The return of Portfolio 2 is not guaranteed, but this is a perfect example of the long-term reward you hope to receive for being willing to accept short-term risk and uncertainty.

If you were to choose to invest your emergency fund, I would also suggest that you maintain a “margin of safety”.  Let’s say that you determine that an adequate emergency fund for yourself is $10,000.  Let’s also assume that you select Portfolio 2 which has a maximum historical drawdown of 9.54% over the tested time period.  In order to make sure you always have $10,000 for an emergency, it may make sense to save a bit more until you can invest $11,500 in your emergency fund investment account.  By doing so, you have created a “margin of safety” for yourself so that even if you experience a worse-than-worst-case drawdown you would still have the $10,000 you need in case of emergency.

I want to emphasize that your choice should not be based on expected rate of return, but whether you can own your choice and stick with it.  Investing may produce better returns over the long-term, but if the associated volatility is not your cup of tea you will end up far worse trying to invest rather than simply staying in cash!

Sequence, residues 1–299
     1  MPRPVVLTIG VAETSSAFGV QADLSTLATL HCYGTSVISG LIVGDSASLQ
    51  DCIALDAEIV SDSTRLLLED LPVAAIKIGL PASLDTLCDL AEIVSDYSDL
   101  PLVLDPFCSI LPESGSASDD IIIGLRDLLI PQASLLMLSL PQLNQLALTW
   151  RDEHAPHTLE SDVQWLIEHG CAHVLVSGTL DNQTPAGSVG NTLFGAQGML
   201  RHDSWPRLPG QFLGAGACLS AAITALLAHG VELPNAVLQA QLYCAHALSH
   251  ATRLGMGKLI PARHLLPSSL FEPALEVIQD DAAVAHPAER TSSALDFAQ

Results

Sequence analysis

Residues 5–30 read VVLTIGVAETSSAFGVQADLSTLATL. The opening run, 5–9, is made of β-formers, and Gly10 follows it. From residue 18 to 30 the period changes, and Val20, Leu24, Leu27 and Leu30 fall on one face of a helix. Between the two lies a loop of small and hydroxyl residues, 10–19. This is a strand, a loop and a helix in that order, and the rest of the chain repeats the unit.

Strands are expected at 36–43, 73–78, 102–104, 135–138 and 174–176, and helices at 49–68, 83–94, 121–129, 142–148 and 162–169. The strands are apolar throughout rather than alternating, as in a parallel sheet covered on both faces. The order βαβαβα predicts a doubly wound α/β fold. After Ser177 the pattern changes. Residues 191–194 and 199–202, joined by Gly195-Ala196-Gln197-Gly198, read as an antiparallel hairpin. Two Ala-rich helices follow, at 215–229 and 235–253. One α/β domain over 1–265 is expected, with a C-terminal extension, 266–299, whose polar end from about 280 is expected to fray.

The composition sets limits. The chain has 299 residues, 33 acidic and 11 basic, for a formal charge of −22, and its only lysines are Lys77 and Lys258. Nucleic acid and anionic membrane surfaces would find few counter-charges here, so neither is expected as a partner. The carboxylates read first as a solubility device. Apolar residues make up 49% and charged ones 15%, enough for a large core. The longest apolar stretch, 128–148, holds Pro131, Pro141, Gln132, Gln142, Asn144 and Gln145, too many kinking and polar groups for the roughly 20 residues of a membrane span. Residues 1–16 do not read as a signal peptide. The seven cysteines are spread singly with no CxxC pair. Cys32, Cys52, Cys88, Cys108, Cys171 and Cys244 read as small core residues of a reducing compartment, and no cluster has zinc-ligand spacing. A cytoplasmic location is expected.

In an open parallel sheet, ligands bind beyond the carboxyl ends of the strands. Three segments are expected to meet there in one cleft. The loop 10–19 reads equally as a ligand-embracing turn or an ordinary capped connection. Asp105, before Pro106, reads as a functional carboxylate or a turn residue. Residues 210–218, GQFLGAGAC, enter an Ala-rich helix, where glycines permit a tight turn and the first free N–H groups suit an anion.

Ultimately, the choice whether to invest your emergency fund is yours.  The best I can hope for is to provide you the knowledge and context so that you can feel confident in making the best decision for you. Bottom line, it boils down to whether you are comfortable with uncertainty and temporary drawdowns in pursuit of higher long-term returns.

Notes on results: Past performance is no guarantee of future results, which may vary. Investing involves risk, including possible loss of principal. The value of the investments and the income derived from them may fluctuate over time. All portfolio returns presented are hypothetical and backtested. Hypothetical returns do not reflect trading costs, transaction fees, or taxes. The results are based on information from a variety of sources we consider reliable, but we do not represent that the information is accurate or complete. The results do not constitute investment advice or recommendation, are provided solely for informational purposes, and are not an offer to buy or sell any securities. The results are based on the total return of assets and assume that all received dividends and distributions are reinvested. The annual results for 2020 are based on monthly returns from January to August. CAGR = Compound Annual Growth Rate. Drawdown analysis is calculated based on monthly returns excluding cashflows. The results assume annual rebalancing of portfolio assets to match the specified allocation.